Studies have concluded that 75% to 90% of the cases of chickenpox were encountered in children aged less than 10. Every year, 10% of those between 5 and 9 years old and 2% of those aged 10 to 14 develop chickenpox every year. All these percents will decrease in a few years, when the young vaccinated children will get older.
It seems that the disease appears in late winter and early spring months and is transmitted through saliva, sneezing and coughing. Generally towels, bed sheets, and clothes are not responsible for the transmission of the disease.
The spreading of the disease is possible within two days before the spots appear on skin and the end of the blister stage. This means five to seven days of possible contamination. After the dry scabs form the rate of contamination decreases. Therefore, it is best to keep away your child from any contacts, including from going to school, for about 10 days.
Once your child has had chickenpox he is exposed to shingles too for the rest of his life. 10 to 20% of those who have had chickenpox will suffer from shingles later. In US, 600,000 to 850,000 people develop shingles every year and the number of affected people is increasing every year.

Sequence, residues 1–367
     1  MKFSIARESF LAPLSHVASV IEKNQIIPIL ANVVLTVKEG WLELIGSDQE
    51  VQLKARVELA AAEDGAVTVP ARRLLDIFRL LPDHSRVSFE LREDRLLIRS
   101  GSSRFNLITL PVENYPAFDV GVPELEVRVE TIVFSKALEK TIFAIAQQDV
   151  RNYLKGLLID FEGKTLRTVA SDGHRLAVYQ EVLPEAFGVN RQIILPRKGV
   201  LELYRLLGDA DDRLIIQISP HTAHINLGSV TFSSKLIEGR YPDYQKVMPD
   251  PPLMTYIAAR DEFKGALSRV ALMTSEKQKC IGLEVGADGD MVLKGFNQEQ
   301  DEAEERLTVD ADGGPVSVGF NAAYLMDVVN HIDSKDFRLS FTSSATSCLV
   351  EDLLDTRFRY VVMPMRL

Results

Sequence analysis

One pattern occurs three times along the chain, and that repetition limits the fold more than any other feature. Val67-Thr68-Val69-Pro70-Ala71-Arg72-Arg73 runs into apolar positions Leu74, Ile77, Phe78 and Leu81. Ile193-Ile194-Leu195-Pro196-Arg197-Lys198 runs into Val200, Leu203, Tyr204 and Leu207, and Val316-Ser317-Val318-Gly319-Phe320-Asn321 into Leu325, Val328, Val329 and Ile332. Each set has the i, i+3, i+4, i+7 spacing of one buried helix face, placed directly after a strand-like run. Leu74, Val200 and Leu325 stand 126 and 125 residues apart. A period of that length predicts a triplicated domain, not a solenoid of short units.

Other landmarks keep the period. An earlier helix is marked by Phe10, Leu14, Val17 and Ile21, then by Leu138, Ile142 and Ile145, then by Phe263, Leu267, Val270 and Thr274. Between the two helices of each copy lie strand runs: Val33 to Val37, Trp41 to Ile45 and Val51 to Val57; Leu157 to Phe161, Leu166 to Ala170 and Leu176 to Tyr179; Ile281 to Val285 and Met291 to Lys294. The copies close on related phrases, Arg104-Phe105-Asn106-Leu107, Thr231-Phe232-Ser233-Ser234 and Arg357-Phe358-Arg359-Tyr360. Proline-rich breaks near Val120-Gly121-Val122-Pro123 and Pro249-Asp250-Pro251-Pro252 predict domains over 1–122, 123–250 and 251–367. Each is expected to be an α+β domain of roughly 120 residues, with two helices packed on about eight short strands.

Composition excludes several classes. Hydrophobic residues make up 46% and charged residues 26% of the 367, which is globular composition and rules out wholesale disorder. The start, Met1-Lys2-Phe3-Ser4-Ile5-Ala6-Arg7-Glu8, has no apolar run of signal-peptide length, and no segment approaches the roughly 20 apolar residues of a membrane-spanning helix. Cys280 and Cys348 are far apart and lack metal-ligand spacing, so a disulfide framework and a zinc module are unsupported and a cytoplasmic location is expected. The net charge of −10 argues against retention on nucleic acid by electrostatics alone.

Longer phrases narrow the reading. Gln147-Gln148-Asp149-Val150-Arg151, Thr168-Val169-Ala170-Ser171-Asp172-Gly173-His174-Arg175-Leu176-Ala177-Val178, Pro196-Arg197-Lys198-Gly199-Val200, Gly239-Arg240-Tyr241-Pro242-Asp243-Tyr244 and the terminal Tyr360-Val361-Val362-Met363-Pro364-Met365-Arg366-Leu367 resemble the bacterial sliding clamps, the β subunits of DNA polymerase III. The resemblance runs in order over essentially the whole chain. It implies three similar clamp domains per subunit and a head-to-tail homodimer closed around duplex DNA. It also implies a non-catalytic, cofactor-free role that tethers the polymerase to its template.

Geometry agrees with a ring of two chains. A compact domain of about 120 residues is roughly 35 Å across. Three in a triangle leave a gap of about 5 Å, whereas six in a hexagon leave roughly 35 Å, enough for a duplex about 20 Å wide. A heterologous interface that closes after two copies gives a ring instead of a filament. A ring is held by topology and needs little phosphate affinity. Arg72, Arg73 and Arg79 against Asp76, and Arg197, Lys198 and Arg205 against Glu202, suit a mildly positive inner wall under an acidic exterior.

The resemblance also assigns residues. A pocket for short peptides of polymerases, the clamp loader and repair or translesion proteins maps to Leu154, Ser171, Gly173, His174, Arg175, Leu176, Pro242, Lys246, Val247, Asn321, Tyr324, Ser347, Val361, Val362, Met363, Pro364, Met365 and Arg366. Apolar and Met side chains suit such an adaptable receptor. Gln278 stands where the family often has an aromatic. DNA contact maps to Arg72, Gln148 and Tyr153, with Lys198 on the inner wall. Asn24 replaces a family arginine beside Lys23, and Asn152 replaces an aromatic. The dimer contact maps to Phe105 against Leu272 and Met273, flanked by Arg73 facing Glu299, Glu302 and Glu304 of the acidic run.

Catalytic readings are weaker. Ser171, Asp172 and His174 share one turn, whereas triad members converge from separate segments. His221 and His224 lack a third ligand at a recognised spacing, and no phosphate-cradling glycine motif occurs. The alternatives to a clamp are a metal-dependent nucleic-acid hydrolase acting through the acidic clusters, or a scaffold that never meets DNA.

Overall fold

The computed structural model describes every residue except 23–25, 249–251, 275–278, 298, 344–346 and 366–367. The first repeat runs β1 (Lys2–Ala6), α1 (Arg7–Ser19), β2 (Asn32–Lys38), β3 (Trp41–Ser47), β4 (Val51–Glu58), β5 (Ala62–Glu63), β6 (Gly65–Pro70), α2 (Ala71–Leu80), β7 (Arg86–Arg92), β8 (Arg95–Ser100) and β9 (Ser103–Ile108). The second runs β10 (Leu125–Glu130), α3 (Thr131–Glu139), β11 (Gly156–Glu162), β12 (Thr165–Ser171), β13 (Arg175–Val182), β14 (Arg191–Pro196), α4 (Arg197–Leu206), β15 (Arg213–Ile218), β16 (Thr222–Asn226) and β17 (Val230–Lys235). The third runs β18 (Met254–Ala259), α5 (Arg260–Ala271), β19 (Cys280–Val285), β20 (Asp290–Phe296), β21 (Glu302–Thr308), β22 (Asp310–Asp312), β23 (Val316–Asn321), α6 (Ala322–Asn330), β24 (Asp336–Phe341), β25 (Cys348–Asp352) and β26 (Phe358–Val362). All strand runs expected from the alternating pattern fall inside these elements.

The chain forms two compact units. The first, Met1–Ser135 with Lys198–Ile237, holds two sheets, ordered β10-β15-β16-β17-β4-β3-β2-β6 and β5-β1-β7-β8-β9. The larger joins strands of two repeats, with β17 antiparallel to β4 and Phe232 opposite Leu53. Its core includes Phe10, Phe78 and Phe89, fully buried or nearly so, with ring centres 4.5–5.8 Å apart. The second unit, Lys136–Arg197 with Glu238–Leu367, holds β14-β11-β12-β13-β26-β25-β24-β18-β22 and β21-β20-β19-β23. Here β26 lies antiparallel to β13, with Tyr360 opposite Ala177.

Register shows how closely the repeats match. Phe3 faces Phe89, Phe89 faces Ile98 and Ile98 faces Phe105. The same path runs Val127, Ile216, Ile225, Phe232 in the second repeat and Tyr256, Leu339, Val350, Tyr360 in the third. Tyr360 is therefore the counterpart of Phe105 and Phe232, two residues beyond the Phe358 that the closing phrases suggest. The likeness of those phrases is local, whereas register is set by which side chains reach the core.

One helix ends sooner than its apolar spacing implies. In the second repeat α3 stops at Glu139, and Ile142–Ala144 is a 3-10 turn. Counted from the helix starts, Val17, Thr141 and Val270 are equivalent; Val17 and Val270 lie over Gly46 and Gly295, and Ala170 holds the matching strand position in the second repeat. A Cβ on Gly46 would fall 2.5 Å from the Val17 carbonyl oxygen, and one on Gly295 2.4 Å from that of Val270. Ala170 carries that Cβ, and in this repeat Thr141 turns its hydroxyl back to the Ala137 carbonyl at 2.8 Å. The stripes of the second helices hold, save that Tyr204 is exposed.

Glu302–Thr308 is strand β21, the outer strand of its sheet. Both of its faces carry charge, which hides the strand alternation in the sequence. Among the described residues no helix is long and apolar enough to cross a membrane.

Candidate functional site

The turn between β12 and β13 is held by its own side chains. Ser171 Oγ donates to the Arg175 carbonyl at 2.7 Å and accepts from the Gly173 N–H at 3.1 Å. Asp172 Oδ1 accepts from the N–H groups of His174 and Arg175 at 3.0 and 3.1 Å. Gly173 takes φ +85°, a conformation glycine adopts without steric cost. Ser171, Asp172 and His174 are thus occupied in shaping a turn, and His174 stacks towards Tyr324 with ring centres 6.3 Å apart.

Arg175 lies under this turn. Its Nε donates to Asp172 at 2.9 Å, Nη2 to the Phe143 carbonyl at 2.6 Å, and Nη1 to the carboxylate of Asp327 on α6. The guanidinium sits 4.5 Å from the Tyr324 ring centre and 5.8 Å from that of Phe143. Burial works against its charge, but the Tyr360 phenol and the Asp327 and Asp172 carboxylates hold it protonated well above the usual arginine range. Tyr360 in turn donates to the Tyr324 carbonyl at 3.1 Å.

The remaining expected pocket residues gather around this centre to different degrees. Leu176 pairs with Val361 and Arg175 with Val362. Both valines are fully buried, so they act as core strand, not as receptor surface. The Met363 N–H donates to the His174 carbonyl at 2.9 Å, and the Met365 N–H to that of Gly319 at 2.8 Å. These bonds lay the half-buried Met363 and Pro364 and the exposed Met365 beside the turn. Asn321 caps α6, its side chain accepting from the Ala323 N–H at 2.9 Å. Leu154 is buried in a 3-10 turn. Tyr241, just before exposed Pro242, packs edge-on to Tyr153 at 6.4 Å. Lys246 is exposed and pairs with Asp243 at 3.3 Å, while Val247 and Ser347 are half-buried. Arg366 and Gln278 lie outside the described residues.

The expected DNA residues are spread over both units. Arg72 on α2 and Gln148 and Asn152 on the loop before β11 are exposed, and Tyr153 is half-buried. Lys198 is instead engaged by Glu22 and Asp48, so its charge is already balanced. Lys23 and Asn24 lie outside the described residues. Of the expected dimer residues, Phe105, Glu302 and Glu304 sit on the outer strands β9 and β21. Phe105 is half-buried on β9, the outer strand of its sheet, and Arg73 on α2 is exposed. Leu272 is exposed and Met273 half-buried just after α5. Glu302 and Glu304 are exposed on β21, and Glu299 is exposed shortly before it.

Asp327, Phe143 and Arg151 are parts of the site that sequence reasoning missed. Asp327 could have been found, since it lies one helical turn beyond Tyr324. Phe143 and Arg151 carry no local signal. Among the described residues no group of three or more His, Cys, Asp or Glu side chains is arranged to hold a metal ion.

It seems that the risk of getting shingles (herpes zoster) is increasing with the age. More rarely, children can get herpes zoster too. 5% of those aged under 15 have developed shingles. It seems that this happens if the child has a weakened immune system or if he had chickenpox before he was one years old.
The risk of developing shingles is increased for those who have problems with their immune system like those who have AIDS, cancer, diabetes. Those who follow a treatment for AIDS containing protease inhibitors are also exposed to shingles. 15% of those who have Hodgkin's disease, lymphomas and other cancers and are following chemotherapy are at risk of having shingles. Drugs called immunosuppressant are exposing patients to herpes zoster and other infections too. These drugs are: Azathioprine (Imuran), Chlorambucil, Cyclophosphamide, Cyclosporine, and Cladribine. These drugs are generally used in those who have suffered an organ transplant but they can also be used in treating systemic lupus erythematosus, Crohn's disease, rheumatoid arthritis, and multiple sclerosis.
Only those who have a good immune system response and those who have been vaccinated against chickenpox and shingles are spared from developing them.